|کد مقاله||کد نشریه||سال انتشار||مقاله انگلیسی||ترجمه فارسی||نسخه تمام متن|
|108158||161869||2014||11 صفحه PDF||سفارش دهید||دانلود رایگان|
Households in fuel poverty are unable to heat their homes at reasonable cost. Energy efficiency programmes aim to tackle fuel poverty and should target resources towards households in greatest need. Households often do not have access to these kinds of schemes, as policies do not acknowledge the complex interaction between households, incomes and domestic energy efficiency, and the high level of variability which results. This paper explores this interaction at household level, and the diversity of fuel poverty which results amongst households in Northern Ireland, a region particularly prone to fuel poverty. Survey data (N = 1595) are used to generate pen portraits for 18 households in varying degrees of fuel poverty. Eligibility for free energy efficiency improvements is assessed and the impacts of tailored interventions on fuel poverty are predicted. The results reveal diversity amongst fuel poor households and, in many instances, households in most severe fuel poverty do not fit the criteria for energy efficiency upgrades, despite standing to benefit from significantly reduced fuel poverty. The impacts of retrofitting are greatest for those in greatest need, but even the most generous package would leave a considerable number of households in fuel poverty, for which additional policy measures are required.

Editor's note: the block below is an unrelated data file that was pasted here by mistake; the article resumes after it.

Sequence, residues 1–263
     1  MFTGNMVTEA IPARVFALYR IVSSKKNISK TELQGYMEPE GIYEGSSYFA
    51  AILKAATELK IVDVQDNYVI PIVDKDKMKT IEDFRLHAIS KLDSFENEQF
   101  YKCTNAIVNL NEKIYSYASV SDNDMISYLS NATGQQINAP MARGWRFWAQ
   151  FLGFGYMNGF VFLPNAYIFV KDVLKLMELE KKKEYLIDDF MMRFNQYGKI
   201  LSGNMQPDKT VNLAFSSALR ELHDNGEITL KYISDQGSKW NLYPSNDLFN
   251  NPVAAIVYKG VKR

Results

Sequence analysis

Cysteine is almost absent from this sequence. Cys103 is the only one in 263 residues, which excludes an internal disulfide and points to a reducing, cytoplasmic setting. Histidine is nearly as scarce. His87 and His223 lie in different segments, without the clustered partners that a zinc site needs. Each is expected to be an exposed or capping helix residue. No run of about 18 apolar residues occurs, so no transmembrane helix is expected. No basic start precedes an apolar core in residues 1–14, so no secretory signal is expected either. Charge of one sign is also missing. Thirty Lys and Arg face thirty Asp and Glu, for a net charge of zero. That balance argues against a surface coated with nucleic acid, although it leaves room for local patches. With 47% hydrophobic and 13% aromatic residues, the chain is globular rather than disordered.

Journal: Energy Research & Social Science - Volume 4, December 2014, Pages 89–99